Aristotelian philosophy holds among its tenets the merits of striving for a harmonious middle ground in all things. Many others since the ancients have voiced a similar point of view.
But others, not innate immoderates incapable of seeing an alternative point of view, but practical people thinking about how to get things done in the real world of business, have warned against aiming at analogues to The Golden Mean.
We're warned that failure to be decisive when called for leads to paralysis, that wavering leaders don't get followed and that trying to be all things to all people is a recipe for mediocrity, at best.
Michael Porter of Harvard cautions us against getting strategically "stuck in the middle" as, for example, between premium and value-based positioning.
Geoffrey Moore takes a similar position with regard to the need to choose a business architecture optimized for complex system sales or for sale of high volume standard products.
Treacy and Wiersema argue that we must have the discipline to choose between three fundamental strategic alternatives or fail to become a market leader.
All of these cautionary notes, and the thinking behind them, have important value, and warrant careful consideration in crafting and executing on a company's strategy. I've thought about them often in my own work.
They do however have a certain ring of absolutism to them, and if misapplied, a potentially flawed certainty that elbows aside nuance and collapses multi-dimensional problems into overly simplified models. They can lead to digital thinking in at least one aspect of the world that I believe remains resolutely analog: that of human actors and how they behave in groups and more complex assemblages.
They also can be seen to argue against seeking common ground compromise and against applying different strategies and decision weighting on a situational basis when appropriate.
How do we reconcile these ideas?
I believe that the answer starts with an understanding that the world of business is highly dynamic and dominated by people-to-people interactions.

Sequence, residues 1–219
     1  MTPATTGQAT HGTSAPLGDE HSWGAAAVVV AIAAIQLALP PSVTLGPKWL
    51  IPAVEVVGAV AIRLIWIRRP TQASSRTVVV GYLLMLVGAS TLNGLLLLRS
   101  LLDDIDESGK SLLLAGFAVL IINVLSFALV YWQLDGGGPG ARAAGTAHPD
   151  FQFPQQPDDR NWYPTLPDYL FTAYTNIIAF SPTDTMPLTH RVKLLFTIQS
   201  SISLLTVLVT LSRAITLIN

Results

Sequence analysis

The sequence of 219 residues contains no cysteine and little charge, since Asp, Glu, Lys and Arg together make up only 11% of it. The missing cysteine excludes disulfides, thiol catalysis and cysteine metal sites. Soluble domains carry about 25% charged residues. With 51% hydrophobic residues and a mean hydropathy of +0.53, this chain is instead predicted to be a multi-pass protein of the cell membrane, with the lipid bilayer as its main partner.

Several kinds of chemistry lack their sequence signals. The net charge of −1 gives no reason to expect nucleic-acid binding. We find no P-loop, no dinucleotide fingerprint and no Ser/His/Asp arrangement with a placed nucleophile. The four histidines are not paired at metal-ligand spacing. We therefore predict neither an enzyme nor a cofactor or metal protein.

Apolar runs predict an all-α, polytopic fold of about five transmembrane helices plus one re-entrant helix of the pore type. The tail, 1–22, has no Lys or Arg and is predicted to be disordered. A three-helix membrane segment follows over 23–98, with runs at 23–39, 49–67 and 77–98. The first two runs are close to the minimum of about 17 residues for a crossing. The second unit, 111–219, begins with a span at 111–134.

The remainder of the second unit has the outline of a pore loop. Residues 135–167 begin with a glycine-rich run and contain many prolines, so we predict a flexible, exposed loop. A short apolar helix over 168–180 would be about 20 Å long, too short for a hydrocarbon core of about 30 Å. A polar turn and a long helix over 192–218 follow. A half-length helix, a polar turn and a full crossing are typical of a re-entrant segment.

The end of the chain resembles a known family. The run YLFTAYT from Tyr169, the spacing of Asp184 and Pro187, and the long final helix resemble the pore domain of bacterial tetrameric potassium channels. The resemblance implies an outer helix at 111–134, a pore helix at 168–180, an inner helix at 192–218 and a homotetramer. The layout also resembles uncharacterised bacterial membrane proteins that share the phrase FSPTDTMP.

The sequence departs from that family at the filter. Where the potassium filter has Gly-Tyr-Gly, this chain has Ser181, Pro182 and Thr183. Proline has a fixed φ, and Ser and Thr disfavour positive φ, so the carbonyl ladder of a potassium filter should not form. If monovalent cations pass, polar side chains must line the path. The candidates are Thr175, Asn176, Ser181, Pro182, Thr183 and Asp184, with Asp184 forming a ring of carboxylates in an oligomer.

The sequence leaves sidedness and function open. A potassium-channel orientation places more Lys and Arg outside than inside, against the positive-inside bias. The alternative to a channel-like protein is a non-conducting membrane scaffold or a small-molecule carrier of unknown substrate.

While it is certainly true that well defined strategies provide a vital sense of direction amidst swirling uncertainty, and that teams respond positively to clear strategy, if they are applied without situational context and an eye to the human factors involved, rigid, bureaucratically applied strategies can backfire, badly.
A customer intimacy strategy can eat up engineering resources and drive costs up when neither can be afforded.
A powerful quality management competency and culture can stifle innovation and entrepreneurial risk taking. (You can Six Sigma yourself into a molasses-like torpor.)
Without experimentation in the alternatives to the current main thrust, it's difficult to know that it might be time to shift strategies.
And so on.
I think that the answer lies in seeking a "Golden Balance" rather than a Golden Mean.
One can all too easily arrive at a "Mean" by failing to decide between alternatives or by blindly splitting the difference between them.
A balance, or more explicitly a dynamic balance (artistic license yields "Golden Balance"), is reached by:
Understanding both the long term imperatives of coherent strategy and cultural integrity along with the immediate and changing realities of current context, then…
… Applying solid judgement as to how to make "this" decision (as opposed to a generic decision) and…
… By explaining to your team how and why you reached that call, this time.
The course you steer will thus occasionally tack left and right of your committed strategic direction, but stay true to it over the long term — until you decide to change it to a new heading, explicitly. And your team will more likely see your moves as nimble and flexible, not indecisive or confusing. (Lose them… their trust in your leadership, and you're toast.)
Note the prominent role of "solid judgement" in the second sentence? Can't really teach that, except by encouraging you to learn through each experience and to be open to the inputs of others. There are however some ideas that can help you toward achievement of your Golden Balance:
2. Be confident enough in your strategic directions and tactical decisions to maintain heading and act decisively, but be humble enough to know that you just could be wrong. Don't turn off those who could help you see a better way forward by ignoring their thoughts.
3. Encourage the occasional experiment outside of your strategic trajectory, but be clear that's what you're doing.
4. Consider an organization design featuring a partnership team at top. In my experience, with the right partners and chemistry, this yields rich dividends: complementary skill sets, checks and balances, avoidance of ego-driven mistakes… even more fun when the wins come and a cushioning of disappointment when not. The give and take between partners encourages the striking of the kind of dynamic balance I'm recommending here.
5. Always be aware of the human factors in a situation. It's not just a matter of making the (abstract) "right" decision, but of making sure that your team is behind you and will execute.
6. Finally, make sure that your team is focused on the long term results you are trying to achieve. They should be placed on a higher ground than the current strategies and tactics you've set in their pursuit. The later will, and should be subject to, change as circumstances do. The former, less often if chosen carefully. The worst behavior is for teams to blindly act because "that's they way we do it here," based on years of repetition turned into inertia.